from Through the Looking-Glass and What Alice Found There, 1872

by Lewis Carroll


‘Twas brillig, and the slithy toves
Did gyre and gimble in the wabe:
All mimsy were the borogoves,
And the mome raths outgrabe.

“Beware the Jabberwock, my son!
The jaws that bite, the claws that catch!
Beware the Jubjub bird, and shun
The frumious Bandersnatch!”

He took his vorpal sword in hand:
Long time the manxome foe he sought–
So rested he by the Tumtum tree,
And stood awhile in thought.

And, as in uffish thought he stood,
The Jabberwock, with eyes of flame,
Came whiffling through the tulgey wood,
And burbled as it came!

One, two! One, two! And through and through
The vorpal blade went snicker-snack!
He left it dead, and with its head
He went galumphing back.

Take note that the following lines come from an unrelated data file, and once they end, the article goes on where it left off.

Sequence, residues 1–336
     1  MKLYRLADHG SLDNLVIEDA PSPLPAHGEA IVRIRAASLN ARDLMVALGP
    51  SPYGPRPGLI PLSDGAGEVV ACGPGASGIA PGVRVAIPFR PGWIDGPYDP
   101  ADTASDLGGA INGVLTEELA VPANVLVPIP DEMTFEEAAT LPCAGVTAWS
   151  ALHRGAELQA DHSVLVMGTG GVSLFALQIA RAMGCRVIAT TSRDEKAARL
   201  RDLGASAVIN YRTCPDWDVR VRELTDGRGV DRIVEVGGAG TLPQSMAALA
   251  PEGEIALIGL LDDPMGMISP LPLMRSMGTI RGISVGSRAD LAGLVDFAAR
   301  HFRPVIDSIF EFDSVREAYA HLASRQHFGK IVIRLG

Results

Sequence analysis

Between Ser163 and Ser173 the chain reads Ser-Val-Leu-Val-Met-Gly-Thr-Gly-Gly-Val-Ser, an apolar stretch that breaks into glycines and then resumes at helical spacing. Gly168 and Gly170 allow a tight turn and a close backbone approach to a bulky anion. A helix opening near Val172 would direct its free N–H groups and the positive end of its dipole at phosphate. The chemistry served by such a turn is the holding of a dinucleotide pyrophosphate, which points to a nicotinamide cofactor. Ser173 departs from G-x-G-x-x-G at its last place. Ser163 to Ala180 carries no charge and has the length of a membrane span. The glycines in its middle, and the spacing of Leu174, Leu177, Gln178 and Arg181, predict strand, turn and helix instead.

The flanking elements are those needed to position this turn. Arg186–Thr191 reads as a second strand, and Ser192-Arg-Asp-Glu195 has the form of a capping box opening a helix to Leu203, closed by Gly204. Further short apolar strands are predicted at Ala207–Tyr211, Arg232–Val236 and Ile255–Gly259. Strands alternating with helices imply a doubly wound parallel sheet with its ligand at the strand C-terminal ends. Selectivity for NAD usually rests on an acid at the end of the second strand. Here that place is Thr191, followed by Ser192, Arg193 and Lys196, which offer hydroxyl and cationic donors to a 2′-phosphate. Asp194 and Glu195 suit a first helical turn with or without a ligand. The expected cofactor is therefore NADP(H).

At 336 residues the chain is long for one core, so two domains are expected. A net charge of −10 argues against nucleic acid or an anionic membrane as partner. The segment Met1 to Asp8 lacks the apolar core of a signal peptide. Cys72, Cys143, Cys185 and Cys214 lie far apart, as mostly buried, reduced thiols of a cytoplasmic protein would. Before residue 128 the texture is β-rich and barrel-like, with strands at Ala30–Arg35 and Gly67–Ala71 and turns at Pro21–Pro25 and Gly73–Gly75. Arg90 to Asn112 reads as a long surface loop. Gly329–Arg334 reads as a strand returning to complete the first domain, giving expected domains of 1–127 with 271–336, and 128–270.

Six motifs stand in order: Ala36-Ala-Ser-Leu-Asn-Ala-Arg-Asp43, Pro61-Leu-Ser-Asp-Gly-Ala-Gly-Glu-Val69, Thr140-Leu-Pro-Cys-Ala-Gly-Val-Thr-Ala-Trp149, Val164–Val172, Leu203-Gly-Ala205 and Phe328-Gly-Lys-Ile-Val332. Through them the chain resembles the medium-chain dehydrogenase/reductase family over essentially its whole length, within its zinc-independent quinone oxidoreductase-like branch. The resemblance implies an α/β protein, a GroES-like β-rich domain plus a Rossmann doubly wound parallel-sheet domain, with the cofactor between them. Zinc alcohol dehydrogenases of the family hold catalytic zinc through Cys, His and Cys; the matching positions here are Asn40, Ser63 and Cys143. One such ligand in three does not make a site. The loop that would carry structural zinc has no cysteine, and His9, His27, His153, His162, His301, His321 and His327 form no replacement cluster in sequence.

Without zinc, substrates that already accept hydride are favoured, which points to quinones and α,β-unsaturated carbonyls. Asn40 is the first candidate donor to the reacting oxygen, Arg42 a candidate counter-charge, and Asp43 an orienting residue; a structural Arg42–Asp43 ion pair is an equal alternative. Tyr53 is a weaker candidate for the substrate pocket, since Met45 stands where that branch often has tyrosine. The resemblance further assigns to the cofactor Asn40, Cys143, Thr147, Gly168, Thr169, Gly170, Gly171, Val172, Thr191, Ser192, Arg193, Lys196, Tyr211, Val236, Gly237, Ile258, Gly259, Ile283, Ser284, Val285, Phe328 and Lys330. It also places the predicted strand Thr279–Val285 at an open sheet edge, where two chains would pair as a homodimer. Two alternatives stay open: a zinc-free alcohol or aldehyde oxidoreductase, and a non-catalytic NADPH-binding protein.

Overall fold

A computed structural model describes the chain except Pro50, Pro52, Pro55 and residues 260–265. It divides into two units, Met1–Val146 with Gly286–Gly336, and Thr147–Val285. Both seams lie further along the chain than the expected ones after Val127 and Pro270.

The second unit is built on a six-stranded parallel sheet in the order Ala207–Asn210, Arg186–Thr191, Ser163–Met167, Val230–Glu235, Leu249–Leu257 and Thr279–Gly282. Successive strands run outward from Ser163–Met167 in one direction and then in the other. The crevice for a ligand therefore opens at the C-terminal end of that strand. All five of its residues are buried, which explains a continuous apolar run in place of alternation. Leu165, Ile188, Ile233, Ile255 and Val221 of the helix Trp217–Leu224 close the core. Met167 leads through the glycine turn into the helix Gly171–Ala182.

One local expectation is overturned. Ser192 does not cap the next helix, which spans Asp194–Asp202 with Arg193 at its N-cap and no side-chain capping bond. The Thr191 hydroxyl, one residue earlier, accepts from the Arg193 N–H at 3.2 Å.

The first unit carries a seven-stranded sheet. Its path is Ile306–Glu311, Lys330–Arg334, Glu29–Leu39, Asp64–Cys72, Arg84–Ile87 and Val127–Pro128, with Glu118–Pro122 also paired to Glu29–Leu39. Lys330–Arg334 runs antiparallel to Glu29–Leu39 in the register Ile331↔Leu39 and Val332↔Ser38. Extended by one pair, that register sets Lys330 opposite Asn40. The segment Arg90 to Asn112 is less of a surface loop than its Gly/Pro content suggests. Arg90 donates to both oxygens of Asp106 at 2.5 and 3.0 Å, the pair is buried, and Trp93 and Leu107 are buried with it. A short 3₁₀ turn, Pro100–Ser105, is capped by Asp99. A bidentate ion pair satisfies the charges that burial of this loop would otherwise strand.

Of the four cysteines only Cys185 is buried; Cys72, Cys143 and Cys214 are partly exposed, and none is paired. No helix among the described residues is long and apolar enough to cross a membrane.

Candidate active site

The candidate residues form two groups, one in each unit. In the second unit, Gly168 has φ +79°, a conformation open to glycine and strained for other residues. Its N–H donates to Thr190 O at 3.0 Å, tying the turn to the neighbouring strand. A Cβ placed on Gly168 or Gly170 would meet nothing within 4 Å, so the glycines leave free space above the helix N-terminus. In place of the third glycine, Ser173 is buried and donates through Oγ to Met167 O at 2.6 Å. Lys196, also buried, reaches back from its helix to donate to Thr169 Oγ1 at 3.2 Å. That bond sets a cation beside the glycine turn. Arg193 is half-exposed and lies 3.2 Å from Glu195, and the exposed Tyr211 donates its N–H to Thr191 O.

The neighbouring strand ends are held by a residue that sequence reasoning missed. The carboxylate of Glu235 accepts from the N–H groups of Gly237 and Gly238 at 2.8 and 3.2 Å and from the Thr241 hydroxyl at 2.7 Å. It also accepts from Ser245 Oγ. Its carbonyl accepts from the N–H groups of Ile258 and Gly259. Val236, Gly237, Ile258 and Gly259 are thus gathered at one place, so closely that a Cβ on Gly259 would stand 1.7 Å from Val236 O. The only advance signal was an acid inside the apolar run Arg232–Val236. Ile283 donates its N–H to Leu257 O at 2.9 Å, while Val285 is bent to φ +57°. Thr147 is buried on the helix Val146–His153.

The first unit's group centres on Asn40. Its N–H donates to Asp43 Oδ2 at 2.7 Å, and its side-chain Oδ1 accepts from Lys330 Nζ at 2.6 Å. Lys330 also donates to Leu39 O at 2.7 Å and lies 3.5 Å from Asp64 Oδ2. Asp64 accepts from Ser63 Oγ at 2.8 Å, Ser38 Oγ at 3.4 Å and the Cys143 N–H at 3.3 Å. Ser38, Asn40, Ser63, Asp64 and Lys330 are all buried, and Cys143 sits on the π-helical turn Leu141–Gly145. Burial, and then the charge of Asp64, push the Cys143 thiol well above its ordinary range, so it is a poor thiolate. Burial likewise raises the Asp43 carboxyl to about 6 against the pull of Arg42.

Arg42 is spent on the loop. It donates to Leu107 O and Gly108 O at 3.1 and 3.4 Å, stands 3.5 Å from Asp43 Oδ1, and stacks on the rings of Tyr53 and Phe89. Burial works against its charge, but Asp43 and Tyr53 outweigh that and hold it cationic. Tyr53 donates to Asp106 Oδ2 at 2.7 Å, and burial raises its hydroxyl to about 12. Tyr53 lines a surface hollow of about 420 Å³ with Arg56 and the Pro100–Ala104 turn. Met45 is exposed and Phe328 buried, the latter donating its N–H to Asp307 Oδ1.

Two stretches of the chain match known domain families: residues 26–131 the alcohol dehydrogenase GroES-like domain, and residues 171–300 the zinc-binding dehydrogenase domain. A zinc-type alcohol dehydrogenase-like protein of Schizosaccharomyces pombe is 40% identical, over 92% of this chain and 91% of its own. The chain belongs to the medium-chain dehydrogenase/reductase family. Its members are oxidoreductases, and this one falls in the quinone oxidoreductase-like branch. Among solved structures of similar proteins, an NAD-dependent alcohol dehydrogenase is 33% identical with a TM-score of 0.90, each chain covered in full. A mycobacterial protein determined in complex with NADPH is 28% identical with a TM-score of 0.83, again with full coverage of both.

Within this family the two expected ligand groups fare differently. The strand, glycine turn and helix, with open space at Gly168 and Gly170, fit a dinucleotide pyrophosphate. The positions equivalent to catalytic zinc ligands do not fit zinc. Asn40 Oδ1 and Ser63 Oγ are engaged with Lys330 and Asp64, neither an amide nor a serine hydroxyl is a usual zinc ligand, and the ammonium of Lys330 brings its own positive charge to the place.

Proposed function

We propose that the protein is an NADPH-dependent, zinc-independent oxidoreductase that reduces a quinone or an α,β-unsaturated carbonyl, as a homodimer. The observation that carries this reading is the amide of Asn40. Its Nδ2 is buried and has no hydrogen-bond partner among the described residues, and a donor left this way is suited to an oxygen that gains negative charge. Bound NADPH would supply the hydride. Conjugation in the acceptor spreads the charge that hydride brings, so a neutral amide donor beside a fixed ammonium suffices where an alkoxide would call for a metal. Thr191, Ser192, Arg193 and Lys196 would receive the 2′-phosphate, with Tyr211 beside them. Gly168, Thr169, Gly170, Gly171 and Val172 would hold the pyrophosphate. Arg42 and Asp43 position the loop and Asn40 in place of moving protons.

“And, has thou slain the Jabberwock?
Come to my arms, my beamish boy!
O frabjous day! Callooh! Callay!’
He chortled in his joy.

‘Twas brillig, and the slithy toves
Did gyre and gimble in the wabe;
All mimsy were the borogoves,
And the mome raths outgrabe.

Last night, I noted at Frank Wilson’s blog Books, Inq. (I beg your pardon …), that one of my favorite bumper stickers says, “Eschew Obfuscation” and here we have a case where Lewis Carroll did nothing of the sort remarkably well. His poem is not lost on us, even though the meanings are, or at least as the meanings get away from us.

Let’s move forward in time, to where the music still exists as vital, it seems, in such experiments, to one of my favorite poets, Gertrude Stein. Here is an mp3 of a love poem (I dare say), read by her. It is off the PENNsound page here: PENNsound: Gertrude Stein, and contains the title for this blog post:

A Valentine to Sherwood Anderson (3:46)(3.5MB).